Free on iTunes, too!

A few months ago I reluctantly started reading a fantasy saga by M. Edward McNally. Reluctantly, because though I’d heard from so many readers that his books were awesome, I also heard they were a bit lengthy, as is any well-written fantasy where extensive world-building is required. Since my day job of designing book covers was taking up so much of my time, I barely had time to write my own books, let alone read. But I finally forced myself to make the time, and I was not disappointed.

After finishing all three of The Norothian Cycle novels, I am anxiously awaiting the fourth installment. In fact, if I may be so bold, without a doubt, M. Edward McNally’s books are the best fantasies I’ve ever read. In my opinion, they far surpass Rowling and Tolkien.

((Dodging wizard and hobbit turds!!))

I do not say this lightly, and I do not say this because M. Edward McNally is also my friend. I say this because it’s true. And though words cannot do justice to how strongly I feel about these books, I think the best way I can express myself is through art. And, so I present my very first fangirl art. Creating fan art is not something I do for comission. I will not take fan art requests. It is my way of giving back to an author who has thoroughly entertained and moved me in a rare way.

As a special treat for my blog readers, M. Edward McNally has also answered some of my FANGIRL questions! Squeee!!!

Matilda is my favorite character. She’s brave, clever and kicks ass! Click to enlarge.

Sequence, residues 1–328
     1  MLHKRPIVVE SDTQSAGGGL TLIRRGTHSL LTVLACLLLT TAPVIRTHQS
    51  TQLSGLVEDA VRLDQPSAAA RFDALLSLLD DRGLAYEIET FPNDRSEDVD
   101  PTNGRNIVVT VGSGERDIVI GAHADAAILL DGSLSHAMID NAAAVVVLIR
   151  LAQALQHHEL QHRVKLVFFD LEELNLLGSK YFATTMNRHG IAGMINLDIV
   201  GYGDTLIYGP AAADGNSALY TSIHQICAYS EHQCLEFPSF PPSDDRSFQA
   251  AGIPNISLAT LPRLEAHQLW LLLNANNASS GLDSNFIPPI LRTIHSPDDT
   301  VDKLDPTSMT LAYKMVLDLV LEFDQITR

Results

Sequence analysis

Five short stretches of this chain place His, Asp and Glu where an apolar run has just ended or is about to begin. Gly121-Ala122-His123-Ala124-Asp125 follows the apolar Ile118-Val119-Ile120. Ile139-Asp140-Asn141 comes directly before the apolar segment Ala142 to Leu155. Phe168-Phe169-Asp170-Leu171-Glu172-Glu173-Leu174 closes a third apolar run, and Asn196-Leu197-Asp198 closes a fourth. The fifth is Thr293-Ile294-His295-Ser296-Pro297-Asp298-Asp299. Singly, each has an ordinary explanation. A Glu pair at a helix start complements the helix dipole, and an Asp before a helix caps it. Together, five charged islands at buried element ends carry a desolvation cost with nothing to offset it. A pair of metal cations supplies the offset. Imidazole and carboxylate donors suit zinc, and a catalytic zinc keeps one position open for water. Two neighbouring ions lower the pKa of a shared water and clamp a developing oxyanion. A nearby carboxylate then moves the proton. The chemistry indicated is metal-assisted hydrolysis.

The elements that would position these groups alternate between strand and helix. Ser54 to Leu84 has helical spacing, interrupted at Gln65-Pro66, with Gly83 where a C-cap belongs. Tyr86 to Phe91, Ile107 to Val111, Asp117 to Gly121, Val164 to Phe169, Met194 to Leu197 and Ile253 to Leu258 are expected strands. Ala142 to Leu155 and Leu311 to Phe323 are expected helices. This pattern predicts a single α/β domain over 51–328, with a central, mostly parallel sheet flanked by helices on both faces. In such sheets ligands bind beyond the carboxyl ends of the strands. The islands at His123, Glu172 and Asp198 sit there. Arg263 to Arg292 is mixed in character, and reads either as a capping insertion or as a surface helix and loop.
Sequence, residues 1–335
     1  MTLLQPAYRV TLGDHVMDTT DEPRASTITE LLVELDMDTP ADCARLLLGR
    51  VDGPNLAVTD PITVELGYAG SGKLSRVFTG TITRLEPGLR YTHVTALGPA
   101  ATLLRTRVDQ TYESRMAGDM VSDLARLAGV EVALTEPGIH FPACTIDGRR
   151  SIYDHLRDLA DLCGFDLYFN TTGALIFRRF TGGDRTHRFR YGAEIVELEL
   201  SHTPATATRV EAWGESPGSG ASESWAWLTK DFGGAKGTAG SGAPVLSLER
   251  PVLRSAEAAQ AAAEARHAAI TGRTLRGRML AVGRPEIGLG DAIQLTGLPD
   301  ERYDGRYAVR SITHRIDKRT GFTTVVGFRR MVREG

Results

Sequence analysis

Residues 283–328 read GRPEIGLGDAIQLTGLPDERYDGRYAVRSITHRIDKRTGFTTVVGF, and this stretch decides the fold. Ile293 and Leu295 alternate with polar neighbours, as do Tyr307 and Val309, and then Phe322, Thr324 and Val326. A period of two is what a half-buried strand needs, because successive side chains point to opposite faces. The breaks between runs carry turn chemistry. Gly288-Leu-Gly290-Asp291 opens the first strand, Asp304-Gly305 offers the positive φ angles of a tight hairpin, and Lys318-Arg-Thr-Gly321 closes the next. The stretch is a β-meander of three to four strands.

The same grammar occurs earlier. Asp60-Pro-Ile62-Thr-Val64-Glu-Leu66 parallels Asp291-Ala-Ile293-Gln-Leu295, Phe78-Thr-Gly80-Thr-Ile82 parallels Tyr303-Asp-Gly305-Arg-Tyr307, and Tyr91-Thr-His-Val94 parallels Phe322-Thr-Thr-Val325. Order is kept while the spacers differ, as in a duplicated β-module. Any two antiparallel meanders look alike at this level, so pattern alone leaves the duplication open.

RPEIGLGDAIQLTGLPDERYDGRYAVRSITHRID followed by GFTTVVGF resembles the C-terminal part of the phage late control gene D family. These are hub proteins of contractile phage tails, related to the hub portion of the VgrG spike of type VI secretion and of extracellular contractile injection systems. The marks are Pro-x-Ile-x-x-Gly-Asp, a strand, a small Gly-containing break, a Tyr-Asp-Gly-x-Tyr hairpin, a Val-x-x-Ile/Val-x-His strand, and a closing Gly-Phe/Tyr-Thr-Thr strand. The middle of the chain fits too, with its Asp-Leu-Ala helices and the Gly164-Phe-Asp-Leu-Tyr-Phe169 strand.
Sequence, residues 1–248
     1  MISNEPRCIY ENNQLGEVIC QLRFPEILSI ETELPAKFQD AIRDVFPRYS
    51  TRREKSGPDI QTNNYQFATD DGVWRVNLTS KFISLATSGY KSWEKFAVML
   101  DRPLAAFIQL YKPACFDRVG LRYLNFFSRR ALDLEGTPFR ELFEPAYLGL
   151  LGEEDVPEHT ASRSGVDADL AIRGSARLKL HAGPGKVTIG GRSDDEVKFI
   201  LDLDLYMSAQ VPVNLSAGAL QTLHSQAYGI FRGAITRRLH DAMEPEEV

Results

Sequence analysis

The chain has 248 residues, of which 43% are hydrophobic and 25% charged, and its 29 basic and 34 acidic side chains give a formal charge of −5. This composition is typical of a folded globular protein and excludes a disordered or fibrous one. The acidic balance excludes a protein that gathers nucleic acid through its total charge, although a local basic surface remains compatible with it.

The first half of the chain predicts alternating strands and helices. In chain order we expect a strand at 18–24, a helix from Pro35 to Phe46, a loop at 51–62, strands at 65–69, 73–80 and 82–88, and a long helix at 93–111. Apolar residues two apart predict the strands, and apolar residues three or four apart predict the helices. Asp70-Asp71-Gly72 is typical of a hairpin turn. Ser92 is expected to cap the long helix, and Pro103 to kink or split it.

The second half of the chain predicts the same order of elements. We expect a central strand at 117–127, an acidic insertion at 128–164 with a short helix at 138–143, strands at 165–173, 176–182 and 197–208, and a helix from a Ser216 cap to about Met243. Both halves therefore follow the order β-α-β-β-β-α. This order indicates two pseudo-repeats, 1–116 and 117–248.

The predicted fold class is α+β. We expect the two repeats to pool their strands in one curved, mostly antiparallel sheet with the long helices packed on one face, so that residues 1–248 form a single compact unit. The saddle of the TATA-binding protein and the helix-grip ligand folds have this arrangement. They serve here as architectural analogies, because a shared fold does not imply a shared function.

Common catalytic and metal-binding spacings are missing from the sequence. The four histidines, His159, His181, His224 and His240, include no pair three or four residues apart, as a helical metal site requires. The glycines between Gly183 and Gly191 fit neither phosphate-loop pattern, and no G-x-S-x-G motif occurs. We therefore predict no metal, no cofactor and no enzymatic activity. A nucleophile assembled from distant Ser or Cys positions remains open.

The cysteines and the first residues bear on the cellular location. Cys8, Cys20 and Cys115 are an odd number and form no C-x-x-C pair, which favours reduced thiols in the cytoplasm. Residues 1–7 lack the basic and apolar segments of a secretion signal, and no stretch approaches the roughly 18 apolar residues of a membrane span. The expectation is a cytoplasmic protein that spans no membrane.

TW: Your world-building is unlike any I’ve ever read. I love the little details from religion to culture. What’s amazing is that you’ve covered several different countries within this world. How long did it take you to come up with your civilization?

McNally: Heh. Well, this may be where I sound sort of psychotic, so if you want to go ahead and dial 9,1, and keep a finger above the phone, I’ll understand. 😉

Here’s the deal. Way Back-In-The-Day of the flannel-clad ‘90s, I was a grad student pursuing an English degree with a Creative Writing emphasis, with the goal of being a “professional” author. Having some shorts published in Midwestern lit journals, starting to shop around a bloated and pretentious “literary novel,” that sort of thing. At some point however, given that all my profs were professional, award-winning, agented authors with traditional deals, and they were all still teaching college full-time to make ends meet, I had to give serious thought to whether I was really just on the road to being a college prof, who wrote on the side. And given that after TAing a lot of writing courses I had come to believe that writing really can’t be “taught,” I knew I didn’t want to try and teach it for the rest of my life. So I finished that degree, but then switched to the History department (figuring I could at least teach that with a clearer conscience), and I quit writing fiction for almost ten years.

Baaaddd boy, John. Love his enchanting green eyes? That’s all I’ll say about him without ruining the saga. Just read!!!